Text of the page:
Archive - Mar 2009

Archive - Mar 2009

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Near Death Experiences and SCA

Heaven can wait

Tunnels, bright lights, visions of the deceased. Do near-death experiences really offer a glimpse of the afterlife - or is there a more rational explanation?

When doctors returned to check on the patient who had almost died and been in a deep coma before being resuscitated, he thanked them for all the work they had done. He had, he told the surprised team of medics, been very impressed and had watched everything they had done. He had heard all that had been said, too, and, at one point, had been concerned when resuscitation was about to be abandoned. He then went on to describe in detail the room where he had been treated - although he had never been conscious in there.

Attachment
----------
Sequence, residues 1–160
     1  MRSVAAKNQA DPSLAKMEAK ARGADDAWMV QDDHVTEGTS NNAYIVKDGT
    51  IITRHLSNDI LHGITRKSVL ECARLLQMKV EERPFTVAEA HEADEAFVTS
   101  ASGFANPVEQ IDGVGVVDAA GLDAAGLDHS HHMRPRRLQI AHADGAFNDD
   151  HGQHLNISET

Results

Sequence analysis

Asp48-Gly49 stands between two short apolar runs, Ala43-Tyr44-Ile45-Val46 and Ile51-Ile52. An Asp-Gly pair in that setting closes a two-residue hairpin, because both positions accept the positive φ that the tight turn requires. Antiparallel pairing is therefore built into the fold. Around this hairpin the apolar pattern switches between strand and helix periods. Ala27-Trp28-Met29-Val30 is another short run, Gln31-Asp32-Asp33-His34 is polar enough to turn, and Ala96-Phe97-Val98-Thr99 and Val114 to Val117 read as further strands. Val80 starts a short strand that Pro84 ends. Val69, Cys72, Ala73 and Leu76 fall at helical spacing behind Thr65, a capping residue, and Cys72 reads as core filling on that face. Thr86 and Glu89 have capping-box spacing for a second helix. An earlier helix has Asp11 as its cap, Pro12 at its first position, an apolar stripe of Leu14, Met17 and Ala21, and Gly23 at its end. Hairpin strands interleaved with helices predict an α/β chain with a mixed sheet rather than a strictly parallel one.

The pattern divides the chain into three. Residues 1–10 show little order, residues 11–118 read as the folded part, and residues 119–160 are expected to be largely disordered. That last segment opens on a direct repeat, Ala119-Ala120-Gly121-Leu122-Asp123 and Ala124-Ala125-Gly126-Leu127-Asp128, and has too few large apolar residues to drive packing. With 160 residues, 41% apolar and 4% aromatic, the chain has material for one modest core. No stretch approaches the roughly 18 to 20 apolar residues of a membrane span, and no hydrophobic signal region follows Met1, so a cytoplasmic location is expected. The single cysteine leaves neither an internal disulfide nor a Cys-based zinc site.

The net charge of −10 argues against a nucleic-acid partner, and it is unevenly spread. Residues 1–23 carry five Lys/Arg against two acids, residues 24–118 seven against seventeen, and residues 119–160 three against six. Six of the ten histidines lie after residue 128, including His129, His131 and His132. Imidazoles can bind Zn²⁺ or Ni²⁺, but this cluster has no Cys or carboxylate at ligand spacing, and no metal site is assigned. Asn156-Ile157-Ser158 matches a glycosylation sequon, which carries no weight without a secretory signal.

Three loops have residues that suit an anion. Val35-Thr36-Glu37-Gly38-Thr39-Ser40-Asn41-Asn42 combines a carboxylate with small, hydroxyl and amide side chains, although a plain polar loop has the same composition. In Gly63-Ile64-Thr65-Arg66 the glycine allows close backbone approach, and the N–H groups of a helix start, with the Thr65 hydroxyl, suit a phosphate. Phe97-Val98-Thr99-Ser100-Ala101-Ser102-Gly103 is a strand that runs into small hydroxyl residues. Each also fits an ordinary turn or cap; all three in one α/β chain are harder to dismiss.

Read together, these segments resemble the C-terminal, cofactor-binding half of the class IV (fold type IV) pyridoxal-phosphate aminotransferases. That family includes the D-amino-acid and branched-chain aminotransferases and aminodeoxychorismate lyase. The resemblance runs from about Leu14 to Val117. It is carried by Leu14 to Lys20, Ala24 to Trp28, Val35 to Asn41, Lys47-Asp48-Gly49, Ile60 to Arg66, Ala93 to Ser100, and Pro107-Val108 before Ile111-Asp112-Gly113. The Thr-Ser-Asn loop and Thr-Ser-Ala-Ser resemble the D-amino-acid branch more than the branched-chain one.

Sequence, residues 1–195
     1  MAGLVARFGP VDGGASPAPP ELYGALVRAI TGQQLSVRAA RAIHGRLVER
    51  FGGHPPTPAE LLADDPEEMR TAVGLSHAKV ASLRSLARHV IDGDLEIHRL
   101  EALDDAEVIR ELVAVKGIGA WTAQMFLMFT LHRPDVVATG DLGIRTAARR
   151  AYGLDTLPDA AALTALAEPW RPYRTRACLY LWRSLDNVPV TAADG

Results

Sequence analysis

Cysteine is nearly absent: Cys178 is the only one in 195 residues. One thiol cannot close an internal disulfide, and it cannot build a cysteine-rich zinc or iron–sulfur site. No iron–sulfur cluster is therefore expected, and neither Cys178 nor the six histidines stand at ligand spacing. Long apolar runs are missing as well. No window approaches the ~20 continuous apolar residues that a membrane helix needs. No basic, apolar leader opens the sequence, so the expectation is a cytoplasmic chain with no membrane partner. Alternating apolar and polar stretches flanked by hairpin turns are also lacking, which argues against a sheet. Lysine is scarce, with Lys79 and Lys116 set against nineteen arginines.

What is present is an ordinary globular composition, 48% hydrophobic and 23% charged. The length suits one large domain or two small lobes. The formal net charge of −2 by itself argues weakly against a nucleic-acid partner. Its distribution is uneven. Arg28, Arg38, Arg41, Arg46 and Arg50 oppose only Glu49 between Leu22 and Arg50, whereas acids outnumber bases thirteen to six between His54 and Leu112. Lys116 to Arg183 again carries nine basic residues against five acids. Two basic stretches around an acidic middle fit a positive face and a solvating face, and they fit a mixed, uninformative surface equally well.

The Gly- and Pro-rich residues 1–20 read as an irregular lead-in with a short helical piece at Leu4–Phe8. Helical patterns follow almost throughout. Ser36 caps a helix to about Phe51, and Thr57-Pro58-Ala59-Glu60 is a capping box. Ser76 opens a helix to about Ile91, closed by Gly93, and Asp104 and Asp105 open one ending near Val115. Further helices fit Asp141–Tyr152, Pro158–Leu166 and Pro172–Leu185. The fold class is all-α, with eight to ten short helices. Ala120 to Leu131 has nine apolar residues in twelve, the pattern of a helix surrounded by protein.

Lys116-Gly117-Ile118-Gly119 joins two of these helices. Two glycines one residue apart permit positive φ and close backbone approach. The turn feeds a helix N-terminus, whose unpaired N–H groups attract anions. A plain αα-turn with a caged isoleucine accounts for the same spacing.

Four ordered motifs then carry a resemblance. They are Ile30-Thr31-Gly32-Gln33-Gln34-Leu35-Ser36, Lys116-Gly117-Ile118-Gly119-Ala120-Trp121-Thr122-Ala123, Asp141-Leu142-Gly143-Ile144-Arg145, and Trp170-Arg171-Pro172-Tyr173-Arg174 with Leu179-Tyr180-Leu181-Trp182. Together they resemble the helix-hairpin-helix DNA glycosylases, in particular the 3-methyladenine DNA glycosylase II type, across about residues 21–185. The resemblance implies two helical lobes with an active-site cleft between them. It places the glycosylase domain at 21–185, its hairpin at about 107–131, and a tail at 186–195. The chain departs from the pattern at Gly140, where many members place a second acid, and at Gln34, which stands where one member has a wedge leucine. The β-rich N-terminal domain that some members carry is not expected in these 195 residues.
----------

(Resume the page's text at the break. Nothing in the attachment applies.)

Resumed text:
That near-death experience is one of a number recorded by Dutch doctors and one of thousands of similar cases that have now been documented in a major worldwide study.

March 30th

AED Training Does Save Lives - in Schools

In May 2008, around 270 teachers, coaches and nurses in the Escambia County school district, Pensacola, Florida, learnt how to use AEDs.
That training has since paid off.
Just before Christmas, a local school’s band director suffered sudden cardiac arrest while running at school. Someone nearby ran to get the school nurse. The nurse had attended one of those Baptist LifeFlight Outreach Education training classes the previous spring. She immediately applied her training using the AED to resuscitate the teacher. Soon after, emergency medical service transported the teacher to the hospital where he had emergency open heart surgery and recovered fully.